Brown Recommends Killing ROTC’s Return
Wednesday, April 27, 2011
In a quietly announced public hearing this afternoon, the Brown Committee on ROTC reaffirmed the University’s commitment to its 1969 resolution banning ROTC from campus. While the recommendation is not yet finalized, Dean Bergeron, the chair of the committee and Dean of the College, said she did not anticipate any drastic reevaluations in the coming weeks.
The committee made its presentation to the Brown University Community Council. The council also briefly addressed a controversy over cutting sports at the school. (See below for more.)
Don’t Ask, Don’t Tell
The possibility of reinstating ROTC first emerged following the repeal of “Don’t Ask Don’t Tell” in December of 2010. In recent years, Brown’s primary objection to ROTC has been that, by refusing to admit openly gay, lesbian, and bisexual individuals, it was in direct violation of the University’s nondiscrimination policy. With the act’s repeal, however, the issue has reemerged on campuses throughout the country. Back in March, Harvard ended its 40-year ban of the group, and since many have wondered if the notoriously liberal Brown would follow suit.
In February, University President Ruth Simmons commissioned a special committee to address the possibility of reinstating ROTC. The 11-person committee, chaired by the Dean of College, is composed of seven faculty members, two undergraduate students, and one graduate student. In the two months since its creation, the committee has had over 15 meetings, participated in numerous public discussions, and sent out multiple surveys.
Today’s meeting marks the committee’s most definitive step towards a final recommendation. According to the committee’s surveys, roughly 76 percent of Alumni were in favor of allowing ROTC to return to campus. Undergraduate numbers also came out in favor of reinstating the organization, but by a much smaller margin, with only 55 percent in favor—it should be noted that the undergraduate poll suffered from painfully low response rates, with barely 11% of the student body voting.
Despite the relatively favorable view of outsiders, the committee declared that it did not see any reason for the University to revise its current policy. “We see the current policies representing not a bias against the military, but safeguarding faculty governance,” said Bergeron.
The committee did relay that it had met with Navy Officials who expressed interest in establishing a relationship with Brown, however, that relationship would be operated through already existing nearby naval ROTC programs at either Holy Cross of MIT. Without making any explicit statement about their intentions in regard to this possibility, the committee did acknowledge that it remained on the table.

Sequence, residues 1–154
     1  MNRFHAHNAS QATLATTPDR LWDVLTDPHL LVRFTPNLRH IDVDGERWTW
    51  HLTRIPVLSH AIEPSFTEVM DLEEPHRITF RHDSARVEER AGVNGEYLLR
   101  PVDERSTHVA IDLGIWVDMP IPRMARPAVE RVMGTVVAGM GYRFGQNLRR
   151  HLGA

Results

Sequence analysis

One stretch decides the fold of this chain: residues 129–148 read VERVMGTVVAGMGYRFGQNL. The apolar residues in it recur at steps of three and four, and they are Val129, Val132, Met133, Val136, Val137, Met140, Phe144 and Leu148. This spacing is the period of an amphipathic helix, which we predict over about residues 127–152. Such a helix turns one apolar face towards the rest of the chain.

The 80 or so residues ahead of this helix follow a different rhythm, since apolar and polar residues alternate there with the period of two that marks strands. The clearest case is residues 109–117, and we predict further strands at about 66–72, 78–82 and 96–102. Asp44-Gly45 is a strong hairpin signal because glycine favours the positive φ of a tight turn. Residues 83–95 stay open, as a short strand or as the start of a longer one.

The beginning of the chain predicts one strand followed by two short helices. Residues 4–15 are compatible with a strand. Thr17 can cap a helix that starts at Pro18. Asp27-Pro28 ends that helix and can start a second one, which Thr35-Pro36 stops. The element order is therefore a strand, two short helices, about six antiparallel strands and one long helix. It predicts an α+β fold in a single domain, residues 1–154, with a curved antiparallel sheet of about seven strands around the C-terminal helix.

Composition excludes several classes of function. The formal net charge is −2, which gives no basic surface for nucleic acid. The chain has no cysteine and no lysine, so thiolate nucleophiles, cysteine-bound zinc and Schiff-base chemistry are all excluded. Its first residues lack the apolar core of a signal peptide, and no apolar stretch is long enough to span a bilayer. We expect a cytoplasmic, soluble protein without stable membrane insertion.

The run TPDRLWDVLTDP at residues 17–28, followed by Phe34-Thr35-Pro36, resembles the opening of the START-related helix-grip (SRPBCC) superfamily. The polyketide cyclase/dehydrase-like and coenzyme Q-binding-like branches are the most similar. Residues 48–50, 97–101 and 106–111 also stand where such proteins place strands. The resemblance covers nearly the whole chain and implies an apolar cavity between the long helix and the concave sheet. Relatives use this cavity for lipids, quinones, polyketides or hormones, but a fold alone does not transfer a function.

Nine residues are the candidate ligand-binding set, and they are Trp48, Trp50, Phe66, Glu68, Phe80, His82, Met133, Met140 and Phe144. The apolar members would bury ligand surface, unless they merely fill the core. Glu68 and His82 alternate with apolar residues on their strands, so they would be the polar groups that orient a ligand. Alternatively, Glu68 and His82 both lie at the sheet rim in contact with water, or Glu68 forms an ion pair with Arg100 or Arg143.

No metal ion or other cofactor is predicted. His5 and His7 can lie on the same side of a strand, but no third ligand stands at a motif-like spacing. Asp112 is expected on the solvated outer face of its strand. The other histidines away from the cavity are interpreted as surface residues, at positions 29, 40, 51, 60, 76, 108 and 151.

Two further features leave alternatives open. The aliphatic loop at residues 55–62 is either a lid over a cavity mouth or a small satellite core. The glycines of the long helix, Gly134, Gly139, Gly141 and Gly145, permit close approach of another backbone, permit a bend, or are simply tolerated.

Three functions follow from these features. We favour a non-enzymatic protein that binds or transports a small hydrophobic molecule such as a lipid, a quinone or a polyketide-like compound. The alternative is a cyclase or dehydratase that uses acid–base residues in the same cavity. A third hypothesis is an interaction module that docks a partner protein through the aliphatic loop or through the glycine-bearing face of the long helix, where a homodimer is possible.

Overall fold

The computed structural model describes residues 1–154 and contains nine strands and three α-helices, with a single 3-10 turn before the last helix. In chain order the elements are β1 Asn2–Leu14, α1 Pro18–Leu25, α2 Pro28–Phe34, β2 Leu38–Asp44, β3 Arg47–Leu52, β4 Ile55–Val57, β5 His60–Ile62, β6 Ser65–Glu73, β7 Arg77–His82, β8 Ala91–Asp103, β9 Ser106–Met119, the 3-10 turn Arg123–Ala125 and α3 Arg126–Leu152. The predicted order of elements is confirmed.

Dodges gender issue
The hot-topic issue of the day—that of continued gender discrimination by ROTC—was deftly evaded by the committee. Despite the repeal of Don’t Ask Don’t Tell, the U.S. military still excludes transgender, and other individuals with non-standard gender presentation from participation; a fact which many members of the gay and lesbian community feel continues to come in conflict with nondiscriminatory policies. The committee cited the administrative, academic, and economic concerns regarding their inclination to maintain the prohibition, but they never addressed the discrimination argument. When pushed by attending members of gay and lesbian campus groups, Bergeron simply stated that due to the delicacy of the issue, the committee would need more time before formally addressing it.
Assuming there are no further revisions to the recommendation, it will be formally submitted to President Simmons in the next few weeks. From there it will be brought before Brown’s governing corporation for a final vote in May.
Following the ROTC hearing, the Brown University Community Council held a brief discussion on Brown’s recent controversial decision to cut four varsity sports teams: woman’s skiing, men’s wrestling, and men’s and women’s fencing. Dick Spies, chair of the athletic review committee, laid out the details of the committee’s plan, which, in addition to cutting teams, also calls for increased financial aid, an increased operating budget, and a decrease in reserved admission spots for athletes.
Spies emphasized the inability of Brown to maintain its current 37 varsity teams—among the highest in the Ivy League—on its limited budget. According to Spies, university athletics are spread too thin, and maintaining competitiveness will require both spending cuts and funding increases. “It’s a drain on the central infrastructure and the kinds of resources that are integral to competitiveness” said Spies, referring to the current 37 team roster.
A few student athletes questioned Spies about the methodology of the committee, and while sympathetic, he remained confident in the proposal, stating that the committee was simply trying to meet the conditions spelled out by the corporation. “Maybe they’ll say we’re way off the mark,” he conceded, “but I doubt it.”
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